By Kurt Kuebler , CCM*
The Tenure Dilemma - Why Do Golf General Managers Leave?
By some accounts, the cost to replace a general manager can be 150 percent of annual salary;
others will say it’s even higher, running nearly three times the salary of the person who is
Why do managers leave?
Certainly, some are simply incompetent or have lost focus and
direction and are appropriately asked to leave. Others have given up on trying to convince their
boards to stop “managing” their operations and go elsewhere to find a new opportunity and more
supportive “governing board” environment.
Finally, others have found themselves in the position of watching colleagues taking on new positions, likely for more substantial salaries, and begin to think that they are undervalued or unappreciated.
This is the group I’d like to focus on!
In the club world where presidents typically serve a one year term and a third of the board stands
for election and possible change each year, the opportunity to lose continuity and, therefore, a
consistent and fair means of evaluating a good or high performing general manager is often lost.
Or worse yet, regular and annual performance evaluations are often not given the importance
they should have in this environment when considering the single-most influential ‘face’
operation, and can have a significant impact on the continued success ‘culture’
that has been
Moreover, many Boards have not yet come to realize how valuable the GM/COOs influence is
(or should be) on the ‘brand’
the club has established in the community. In some cases,
especially in residential club communities, the ‘branding’
provided by the club to the rest of the
community is worth millions of dollars, considering the entire value of all assets in these
communities can be from tens of millions to hundreds or even a billion dollars. Conversely, a
diminished club ‘branding’
of the community can significantly devalue the assets.
Recognizing the GM’s role in this outcome is extremely important, and is often the overlooked factor in
determining the long-term tenure ‘value’
of the role.
Boards need to recognize that this is a ‘talent’
hunt and when you have successfully engaged
good management (talent!), you need to have a strategic plan to keep it
. Whether it is the
general manager, the management team or key staff members, a logical and fair means of
ensuring that compensation keeps pace with local standards is simply one more of the many tools
it needs to employ to stay on top of the game. And, if the club cannot afford to increase direct
compensation, creative means of providing other, perhaps even more valuable benefits to these
key people in order to keep them positively engaged and performing.
More flexibility with family schedules, important to most members these days, is naturally just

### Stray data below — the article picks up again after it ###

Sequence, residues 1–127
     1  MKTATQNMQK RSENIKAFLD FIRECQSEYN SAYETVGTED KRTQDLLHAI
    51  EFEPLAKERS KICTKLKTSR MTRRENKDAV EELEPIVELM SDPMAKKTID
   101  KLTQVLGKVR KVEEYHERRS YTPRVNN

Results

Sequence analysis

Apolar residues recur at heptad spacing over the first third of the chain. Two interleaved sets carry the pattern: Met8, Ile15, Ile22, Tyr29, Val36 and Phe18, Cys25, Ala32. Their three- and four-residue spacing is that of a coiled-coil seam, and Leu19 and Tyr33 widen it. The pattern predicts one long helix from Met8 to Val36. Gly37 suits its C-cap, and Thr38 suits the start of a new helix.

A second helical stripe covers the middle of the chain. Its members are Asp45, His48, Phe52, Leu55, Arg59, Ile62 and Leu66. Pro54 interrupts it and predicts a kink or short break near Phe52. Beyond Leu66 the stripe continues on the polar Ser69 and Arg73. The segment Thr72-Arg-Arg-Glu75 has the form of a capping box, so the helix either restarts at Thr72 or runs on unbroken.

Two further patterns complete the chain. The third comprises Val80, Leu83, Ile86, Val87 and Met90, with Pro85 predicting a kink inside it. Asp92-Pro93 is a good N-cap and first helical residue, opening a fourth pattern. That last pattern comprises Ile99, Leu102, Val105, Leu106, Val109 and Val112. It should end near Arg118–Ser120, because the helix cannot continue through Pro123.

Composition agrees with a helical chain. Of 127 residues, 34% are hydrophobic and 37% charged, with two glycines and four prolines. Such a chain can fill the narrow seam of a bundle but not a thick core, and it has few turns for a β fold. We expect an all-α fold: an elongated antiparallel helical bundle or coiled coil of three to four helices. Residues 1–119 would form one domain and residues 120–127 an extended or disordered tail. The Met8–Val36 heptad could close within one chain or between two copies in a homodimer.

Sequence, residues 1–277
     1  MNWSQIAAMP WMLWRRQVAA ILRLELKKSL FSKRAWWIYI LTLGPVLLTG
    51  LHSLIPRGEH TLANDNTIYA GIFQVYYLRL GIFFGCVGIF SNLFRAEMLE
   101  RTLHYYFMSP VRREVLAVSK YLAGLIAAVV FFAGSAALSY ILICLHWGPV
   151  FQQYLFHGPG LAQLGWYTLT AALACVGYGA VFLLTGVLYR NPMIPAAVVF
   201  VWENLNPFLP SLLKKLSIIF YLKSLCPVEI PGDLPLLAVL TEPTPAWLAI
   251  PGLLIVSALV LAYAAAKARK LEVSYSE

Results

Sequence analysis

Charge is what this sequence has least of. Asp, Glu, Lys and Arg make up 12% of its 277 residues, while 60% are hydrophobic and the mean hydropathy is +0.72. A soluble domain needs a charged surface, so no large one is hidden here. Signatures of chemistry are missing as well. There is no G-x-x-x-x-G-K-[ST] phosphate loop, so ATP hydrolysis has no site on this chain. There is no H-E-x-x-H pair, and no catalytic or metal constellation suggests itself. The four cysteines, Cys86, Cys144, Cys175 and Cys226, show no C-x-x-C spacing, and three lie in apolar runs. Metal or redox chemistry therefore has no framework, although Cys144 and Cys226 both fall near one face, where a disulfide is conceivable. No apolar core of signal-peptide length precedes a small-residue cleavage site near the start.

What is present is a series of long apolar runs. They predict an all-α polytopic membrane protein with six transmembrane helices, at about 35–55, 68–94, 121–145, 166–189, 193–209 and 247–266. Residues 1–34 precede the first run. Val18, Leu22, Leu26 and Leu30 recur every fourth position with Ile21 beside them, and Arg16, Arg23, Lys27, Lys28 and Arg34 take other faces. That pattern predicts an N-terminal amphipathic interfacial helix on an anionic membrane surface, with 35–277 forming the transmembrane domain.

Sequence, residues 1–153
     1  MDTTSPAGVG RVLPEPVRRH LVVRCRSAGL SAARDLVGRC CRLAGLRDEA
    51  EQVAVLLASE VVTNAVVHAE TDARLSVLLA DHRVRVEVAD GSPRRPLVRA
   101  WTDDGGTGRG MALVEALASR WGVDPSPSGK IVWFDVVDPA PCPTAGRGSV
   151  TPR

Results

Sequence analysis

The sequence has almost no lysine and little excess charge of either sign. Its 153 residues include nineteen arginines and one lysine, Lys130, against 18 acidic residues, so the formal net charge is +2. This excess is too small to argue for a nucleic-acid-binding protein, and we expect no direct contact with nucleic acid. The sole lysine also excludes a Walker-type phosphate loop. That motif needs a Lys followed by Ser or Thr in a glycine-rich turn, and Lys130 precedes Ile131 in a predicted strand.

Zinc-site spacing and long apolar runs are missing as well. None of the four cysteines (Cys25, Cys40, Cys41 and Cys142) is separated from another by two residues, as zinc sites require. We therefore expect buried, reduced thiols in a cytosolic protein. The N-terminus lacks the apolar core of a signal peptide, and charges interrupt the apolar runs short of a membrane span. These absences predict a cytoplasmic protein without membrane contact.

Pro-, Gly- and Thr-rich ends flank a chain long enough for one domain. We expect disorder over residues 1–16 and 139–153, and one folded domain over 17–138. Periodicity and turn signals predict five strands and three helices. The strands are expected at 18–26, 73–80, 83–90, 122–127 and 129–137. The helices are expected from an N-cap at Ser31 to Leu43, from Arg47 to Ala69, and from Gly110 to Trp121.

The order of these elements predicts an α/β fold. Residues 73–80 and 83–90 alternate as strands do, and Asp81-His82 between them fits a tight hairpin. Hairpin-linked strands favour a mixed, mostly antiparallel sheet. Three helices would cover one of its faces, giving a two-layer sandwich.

as important to key staff. Support for continuing education and active involvement in CMAA or
other key professional associations benefits both the GM/COO or key managers just as much as
it does the club. And, it shows how much the club recognizes the importance of keeping their
key people in tune with industry trends.
Tailoring benefits to the individual, where reasonably possible, is a way of recognizing how important
they are to the club’s success and well-being.
Most of us recognize that money isn’t always the answer, but it is often a trigger point to start the
mind game of thinking about other ‘slights’ that can then start to pile up. If a Board isn’t finding
regular and consistent means of recognizing positive performance
and results by the General
Manager or team in general, it is missing the simplest, most cost effective means of making a
No one wants to pay more (and, contrary to some perspectives, search firms do not set the
compensation “bar”, the market does), but the result of not keeping pace is that it will become
more likely that your ‘talent’
will leave, no matter how long they’ve been with the club.
Possibly worse, their performance will likely be negatively impacted until they do so.
What is more, clubs must review their compensation packages for key management on a regular
basis and make sure they’re not falling behind the competition; if you aren’t compensating your
good people well enough, someone else will!
The key to all of the above is to never forget that good and long tenure in the club world
sometimes makes us complacent; this goes for both Boards and GM/COOs as they evaluate their
respective areas of responsibility. People clearly need to be held accountable for their performance, but
if they do perform, they shouldn’t be “penalized” by not staying moderately close to the ‘going rate’ for
their respective positions within the local market.
Certainly, a number of comparative factors need to always be considered----the going rate in New York is far
different than the going rate in central Iowa. The point is that with GM/COOs and their key staff
, every reasonable effort should be taken to ensure that they feel respected,
encouraged, recognized and engaged, and make sure that their compensation is fair by today’s
Best practices such as these help to ensure that your successfully performing group stays that
Originally posted by KurtKuebler
on 08 Nov 2010.
All contributors: KurtKuebler
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